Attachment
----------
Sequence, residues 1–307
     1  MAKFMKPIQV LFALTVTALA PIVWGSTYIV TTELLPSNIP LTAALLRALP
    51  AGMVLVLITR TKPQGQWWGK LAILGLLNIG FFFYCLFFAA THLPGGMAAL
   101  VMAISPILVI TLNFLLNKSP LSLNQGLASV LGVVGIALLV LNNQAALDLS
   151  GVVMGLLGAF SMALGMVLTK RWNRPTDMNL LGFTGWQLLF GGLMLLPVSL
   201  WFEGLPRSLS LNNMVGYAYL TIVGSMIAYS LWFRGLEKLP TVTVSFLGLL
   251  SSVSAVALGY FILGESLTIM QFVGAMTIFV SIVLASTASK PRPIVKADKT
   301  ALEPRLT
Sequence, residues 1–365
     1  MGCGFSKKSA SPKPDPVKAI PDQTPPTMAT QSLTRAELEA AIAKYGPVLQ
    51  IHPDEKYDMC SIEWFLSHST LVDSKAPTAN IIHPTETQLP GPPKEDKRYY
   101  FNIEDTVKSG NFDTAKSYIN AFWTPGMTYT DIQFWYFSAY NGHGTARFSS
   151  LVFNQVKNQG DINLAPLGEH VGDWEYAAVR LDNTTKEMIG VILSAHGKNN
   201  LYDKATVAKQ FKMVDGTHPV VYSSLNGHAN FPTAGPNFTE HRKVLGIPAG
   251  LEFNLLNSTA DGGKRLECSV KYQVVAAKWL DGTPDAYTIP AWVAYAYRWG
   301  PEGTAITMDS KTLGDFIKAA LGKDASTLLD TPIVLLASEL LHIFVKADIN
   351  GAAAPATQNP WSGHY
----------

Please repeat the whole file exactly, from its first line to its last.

Sequence, residues 1–307
     1  MAKFMKPIQV LFALTVTALA PIVWGSTYIV TTELLPSNIP LTAALLRALP
    51  AGMVLVLITR TKPQGQWWGK LAILGLLNIG FFFYCLFFAA THLPGGMAAL
   101  VMAISPILVI TLNFLLNKSP LSLNQGLASV LGVVGIALLV LNNQAALDLS
   151  GVVMGLLGAF SMALGMVLTK RWNRPTDMNL LGFTGWQLLF GGLMLLPVSL
   201  WFEGLPRSLS LNNMVGYAYL TIVGSMIAYS LWFRGLEKLP TVTVSFLGLL
   251  SSVSAVALGY FILGESLTIM QFVGAMTIFV SIVLASTASK PRPIVKADKT
   301  ALEPRLT
Sequence, residues 1–365
     1  MGCGFSKKSA SPKPDPVKAI PDQTPPTMAT QSLTRAELEA AIAKYGPVLQ
    51  IHPDEKYDMC SIEWFLSHST LVDSKAPTAN IIHPTETQLP GPPKEDKRYY
   101  FNIEDTVKSG NFDTAKSYIN AFWTPGMTYT DIQFWYFSAY NGHGTARFSS
   151  LVFNQVKNQG DINLAPLGEH VGDWEYAAVR LDNTTKEMIG VILSAHGKNN
   201  LYDKATVAKQ FKMVDGTHPV VYSSLNGHAN FPTAGPNFTE HRKVLGIPAG
   251  LEFNLLNSTA DGGKRLECSV KYQVVAAKWL DGTPDAYTIP AWVAYAYRWG
   301  PEGTAITMDS KTLGDFIKAA LGKDASTLLD TPIVLLASEL LHIFVKADIN
   351  GAAAPATQNP WSGHY